Category: The Hard Questions

If I’m Pregnant – What Should I Do?

As a young person still doing my schooling and living with my parents, I would be in big trouble if I got pregnant. Already my schooling takes up the vast majority of my time; when I’m not doing schooling, I’m watching shows at night or trying to have some enjoying-time in-between all the activities that take up the day. If I had a baby now, my whole life would be turned upside down . . .

Since I’m not married or anything, having a baby would be a lot of trouble, and someone may advise me to have an abortion. There’s all this controversy about abortion, with people picking prochoice or prolife sides and shouting slogans at one another: “It’s a woman’s right to choose.” “Abortion’s murder!” “Get out of my uterus.” “Give your baby a chance.”

Though I’m not having a baby and so I don’t have to worry about deciding what to do, maybe you do have to worry about it. Maybe very soon, you have to face that choice, and lots of people are going to tell you what to do.

But “it’s my choice, right?” Yes, it’s your choice. The question is, what will you choose? Are you in this difficult situation? Many other people have had to make hard choices. If it helps you, this movie I saw presents an interesting choice to seven young people who change their minds 180 degrees! I really had fun watching it – and a couple times I cried. Beginning first with a challenging scenario about what you would do in 1930s Nazi Germany if you were forced at gunpoint to do something horrible, this little 33 minutes swings to the present-day and asks a question that turned its seven interviewees’ minds upside down:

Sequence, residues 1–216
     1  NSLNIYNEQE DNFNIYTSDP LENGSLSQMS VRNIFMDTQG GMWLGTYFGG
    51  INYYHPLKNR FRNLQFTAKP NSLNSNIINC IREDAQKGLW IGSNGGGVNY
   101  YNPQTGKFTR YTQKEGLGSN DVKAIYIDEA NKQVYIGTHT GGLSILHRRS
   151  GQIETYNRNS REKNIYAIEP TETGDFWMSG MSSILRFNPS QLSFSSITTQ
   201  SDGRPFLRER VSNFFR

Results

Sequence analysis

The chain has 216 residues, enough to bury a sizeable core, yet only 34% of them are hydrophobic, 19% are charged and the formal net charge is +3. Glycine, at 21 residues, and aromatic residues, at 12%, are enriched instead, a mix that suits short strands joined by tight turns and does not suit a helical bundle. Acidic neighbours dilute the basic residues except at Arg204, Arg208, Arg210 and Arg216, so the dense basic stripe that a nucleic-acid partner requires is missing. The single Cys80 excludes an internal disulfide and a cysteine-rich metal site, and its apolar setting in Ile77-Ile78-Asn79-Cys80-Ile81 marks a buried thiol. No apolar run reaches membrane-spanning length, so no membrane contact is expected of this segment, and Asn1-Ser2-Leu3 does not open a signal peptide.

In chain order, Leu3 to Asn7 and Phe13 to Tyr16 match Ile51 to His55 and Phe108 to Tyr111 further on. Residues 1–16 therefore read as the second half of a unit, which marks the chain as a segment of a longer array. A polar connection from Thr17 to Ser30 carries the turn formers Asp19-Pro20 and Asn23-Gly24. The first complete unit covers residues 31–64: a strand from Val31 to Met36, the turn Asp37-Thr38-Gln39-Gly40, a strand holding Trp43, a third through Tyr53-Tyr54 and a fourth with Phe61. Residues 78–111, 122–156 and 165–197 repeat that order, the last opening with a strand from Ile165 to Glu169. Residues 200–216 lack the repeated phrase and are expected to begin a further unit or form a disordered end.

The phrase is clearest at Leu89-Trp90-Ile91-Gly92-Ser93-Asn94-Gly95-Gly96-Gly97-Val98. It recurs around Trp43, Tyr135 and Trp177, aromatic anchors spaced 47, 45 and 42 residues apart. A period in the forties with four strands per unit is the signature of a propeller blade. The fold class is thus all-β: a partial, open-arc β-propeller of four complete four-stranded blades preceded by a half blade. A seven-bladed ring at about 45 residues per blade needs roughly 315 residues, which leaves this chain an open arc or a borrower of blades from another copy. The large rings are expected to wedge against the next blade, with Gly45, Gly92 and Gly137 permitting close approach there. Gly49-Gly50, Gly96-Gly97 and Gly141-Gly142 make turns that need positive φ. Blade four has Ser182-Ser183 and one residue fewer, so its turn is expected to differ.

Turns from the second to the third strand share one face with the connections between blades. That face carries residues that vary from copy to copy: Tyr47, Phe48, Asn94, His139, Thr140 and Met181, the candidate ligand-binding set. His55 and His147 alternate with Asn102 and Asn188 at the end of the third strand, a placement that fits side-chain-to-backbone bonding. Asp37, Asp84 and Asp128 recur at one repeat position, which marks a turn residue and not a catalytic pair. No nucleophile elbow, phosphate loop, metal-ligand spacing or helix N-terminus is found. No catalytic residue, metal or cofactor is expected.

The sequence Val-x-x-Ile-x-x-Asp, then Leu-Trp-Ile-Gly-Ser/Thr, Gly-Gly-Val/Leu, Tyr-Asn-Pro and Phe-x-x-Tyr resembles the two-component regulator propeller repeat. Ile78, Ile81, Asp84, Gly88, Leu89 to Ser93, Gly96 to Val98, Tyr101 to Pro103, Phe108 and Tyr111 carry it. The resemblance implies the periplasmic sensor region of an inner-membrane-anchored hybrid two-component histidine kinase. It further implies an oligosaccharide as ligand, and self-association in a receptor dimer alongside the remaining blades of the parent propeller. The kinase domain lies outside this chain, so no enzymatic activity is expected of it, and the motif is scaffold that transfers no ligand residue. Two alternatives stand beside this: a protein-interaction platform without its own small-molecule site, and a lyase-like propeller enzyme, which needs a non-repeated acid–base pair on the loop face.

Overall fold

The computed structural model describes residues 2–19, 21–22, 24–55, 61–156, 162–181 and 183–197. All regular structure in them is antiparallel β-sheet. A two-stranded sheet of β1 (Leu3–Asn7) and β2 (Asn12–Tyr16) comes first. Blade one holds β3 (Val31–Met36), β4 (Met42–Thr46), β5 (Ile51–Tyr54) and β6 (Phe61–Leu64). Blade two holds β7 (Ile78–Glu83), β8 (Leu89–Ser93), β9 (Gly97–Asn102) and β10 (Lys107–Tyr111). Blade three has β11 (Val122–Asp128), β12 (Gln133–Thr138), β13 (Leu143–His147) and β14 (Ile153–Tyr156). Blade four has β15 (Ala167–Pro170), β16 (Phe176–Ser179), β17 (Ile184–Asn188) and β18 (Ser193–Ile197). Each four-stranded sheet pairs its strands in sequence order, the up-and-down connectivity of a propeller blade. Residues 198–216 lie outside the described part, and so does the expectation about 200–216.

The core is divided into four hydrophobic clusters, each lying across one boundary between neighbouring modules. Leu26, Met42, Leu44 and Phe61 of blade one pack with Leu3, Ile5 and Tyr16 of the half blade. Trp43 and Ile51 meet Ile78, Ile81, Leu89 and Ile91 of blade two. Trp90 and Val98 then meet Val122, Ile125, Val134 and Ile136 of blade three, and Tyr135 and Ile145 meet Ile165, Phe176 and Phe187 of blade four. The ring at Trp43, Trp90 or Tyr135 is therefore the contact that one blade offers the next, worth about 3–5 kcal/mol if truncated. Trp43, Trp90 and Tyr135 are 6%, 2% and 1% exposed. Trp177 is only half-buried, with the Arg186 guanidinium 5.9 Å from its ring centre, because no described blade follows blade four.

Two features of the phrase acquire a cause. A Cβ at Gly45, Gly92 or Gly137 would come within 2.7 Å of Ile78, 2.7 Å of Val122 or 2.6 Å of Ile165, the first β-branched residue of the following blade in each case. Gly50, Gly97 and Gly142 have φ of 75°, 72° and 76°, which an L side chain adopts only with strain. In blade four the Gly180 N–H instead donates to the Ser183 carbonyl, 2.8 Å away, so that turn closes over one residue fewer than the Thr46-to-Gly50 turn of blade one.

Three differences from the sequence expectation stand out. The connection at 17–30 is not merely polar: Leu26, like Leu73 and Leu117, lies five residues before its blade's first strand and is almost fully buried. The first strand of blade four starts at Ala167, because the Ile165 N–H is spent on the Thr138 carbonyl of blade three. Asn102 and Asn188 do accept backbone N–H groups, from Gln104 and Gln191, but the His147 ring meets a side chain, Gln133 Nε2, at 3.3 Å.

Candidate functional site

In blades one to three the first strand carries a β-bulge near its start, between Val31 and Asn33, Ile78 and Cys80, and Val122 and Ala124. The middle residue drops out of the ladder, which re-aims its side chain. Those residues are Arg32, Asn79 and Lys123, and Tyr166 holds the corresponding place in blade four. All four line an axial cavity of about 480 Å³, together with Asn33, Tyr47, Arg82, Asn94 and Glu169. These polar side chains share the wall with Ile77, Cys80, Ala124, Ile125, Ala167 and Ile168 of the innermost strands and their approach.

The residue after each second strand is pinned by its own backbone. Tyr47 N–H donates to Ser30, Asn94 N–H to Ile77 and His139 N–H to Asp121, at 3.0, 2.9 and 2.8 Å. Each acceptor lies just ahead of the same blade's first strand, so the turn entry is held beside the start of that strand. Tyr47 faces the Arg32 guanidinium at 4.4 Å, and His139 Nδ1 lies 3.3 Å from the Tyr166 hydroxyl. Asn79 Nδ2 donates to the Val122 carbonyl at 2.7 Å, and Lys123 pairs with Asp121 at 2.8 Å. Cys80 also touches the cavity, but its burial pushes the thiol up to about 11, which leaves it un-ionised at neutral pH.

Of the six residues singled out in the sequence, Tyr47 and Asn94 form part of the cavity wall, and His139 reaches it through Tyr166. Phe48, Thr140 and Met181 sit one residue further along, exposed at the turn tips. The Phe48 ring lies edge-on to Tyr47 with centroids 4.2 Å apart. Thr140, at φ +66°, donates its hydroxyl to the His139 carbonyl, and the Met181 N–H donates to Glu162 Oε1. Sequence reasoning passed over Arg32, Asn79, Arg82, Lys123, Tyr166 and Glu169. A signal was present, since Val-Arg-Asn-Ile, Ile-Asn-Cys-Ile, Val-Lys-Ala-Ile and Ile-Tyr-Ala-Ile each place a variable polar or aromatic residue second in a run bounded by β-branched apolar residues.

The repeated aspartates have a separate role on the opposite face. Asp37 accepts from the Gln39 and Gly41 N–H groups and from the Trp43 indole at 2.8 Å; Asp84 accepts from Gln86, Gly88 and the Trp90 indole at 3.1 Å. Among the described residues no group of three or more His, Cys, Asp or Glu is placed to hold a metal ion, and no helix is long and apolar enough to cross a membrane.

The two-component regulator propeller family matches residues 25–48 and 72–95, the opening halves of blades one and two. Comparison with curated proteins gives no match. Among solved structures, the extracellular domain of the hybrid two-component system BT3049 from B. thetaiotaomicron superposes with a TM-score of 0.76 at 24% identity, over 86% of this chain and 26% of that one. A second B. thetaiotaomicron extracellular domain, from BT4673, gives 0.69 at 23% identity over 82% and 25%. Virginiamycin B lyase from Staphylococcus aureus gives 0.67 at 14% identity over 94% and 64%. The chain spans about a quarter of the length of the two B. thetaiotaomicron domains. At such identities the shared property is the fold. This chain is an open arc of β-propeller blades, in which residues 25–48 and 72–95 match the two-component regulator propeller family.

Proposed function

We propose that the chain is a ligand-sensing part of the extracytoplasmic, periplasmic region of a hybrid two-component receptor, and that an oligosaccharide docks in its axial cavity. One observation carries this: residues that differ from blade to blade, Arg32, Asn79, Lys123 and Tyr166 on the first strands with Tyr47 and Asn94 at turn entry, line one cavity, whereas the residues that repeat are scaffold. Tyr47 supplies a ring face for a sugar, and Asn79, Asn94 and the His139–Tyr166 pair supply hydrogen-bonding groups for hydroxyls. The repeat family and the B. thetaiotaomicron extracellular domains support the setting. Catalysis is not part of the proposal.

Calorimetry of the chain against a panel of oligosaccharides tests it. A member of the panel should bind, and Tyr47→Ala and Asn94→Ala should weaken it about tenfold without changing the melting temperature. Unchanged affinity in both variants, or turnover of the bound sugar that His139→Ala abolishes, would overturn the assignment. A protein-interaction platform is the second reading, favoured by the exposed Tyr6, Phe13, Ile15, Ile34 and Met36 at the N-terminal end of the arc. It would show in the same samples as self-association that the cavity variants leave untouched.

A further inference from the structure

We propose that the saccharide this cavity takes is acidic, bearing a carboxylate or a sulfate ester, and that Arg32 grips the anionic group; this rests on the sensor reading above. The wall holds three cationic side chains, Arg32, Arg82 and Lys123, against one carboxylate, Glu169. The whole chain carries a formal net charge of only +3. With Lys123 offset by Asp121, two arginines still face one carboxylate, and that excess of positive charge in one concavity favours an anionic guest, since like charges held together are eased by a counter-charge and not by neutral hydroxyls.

For more information, check out: prochoice, prolife, abortion, and If You’re Pregnant.


Judge Not Lest You be Judged?

“Don’t judge me! That’s what Jesus said.”

Have you ever been confronted by this statement? Were you trying to share the Good News of Christ or the fact that we are all sinners before God? Or did you use this statement yourself when someone was unjustly accusing you? Are we never to judge?

Many in the modern world repeat this statement. It’s become the mantra of accepting everyone and everything. It is said that no lifestyle or action should be criticized, since judging another person is above one’s calling. But before we accept this belief, we should examine more closely what Jesus actually said about judging:

Matthew 7:1-5:

“Do not judge so that you will not be judged. For in the way you judge, you will be judged; and by your standard of measure, it will be measured to you. Why do you look at the speck that is in your brother’s eye, but do not notice the log that is in your own eye? Or how can you say to your brother, ‘Let me take the speck out of your eye,’ and behold, the log is in your own eye? You hypocrite, first take the log out of your own eye, and then you will see clearly to take the speck out of your brother’s eye.”

Recently as I read these verses, I noticed the particular type of judging Jesus was talking about: hypocritical judging. Jesus is warning against people who judge others while they themselves are doing the same actions that they claim to loath. Notice that Jesus tells you to first “take the log out of your own eye, and then you will see clearly to take the speck out of your brother’s eye.” Jesus is saying that if we are, say, sleeping with another man’s wife, then we would be hypocrites to judge another man for playing around outside of marriage. “Reform your life first,” He says, “before you even think of judging someone else’s life.”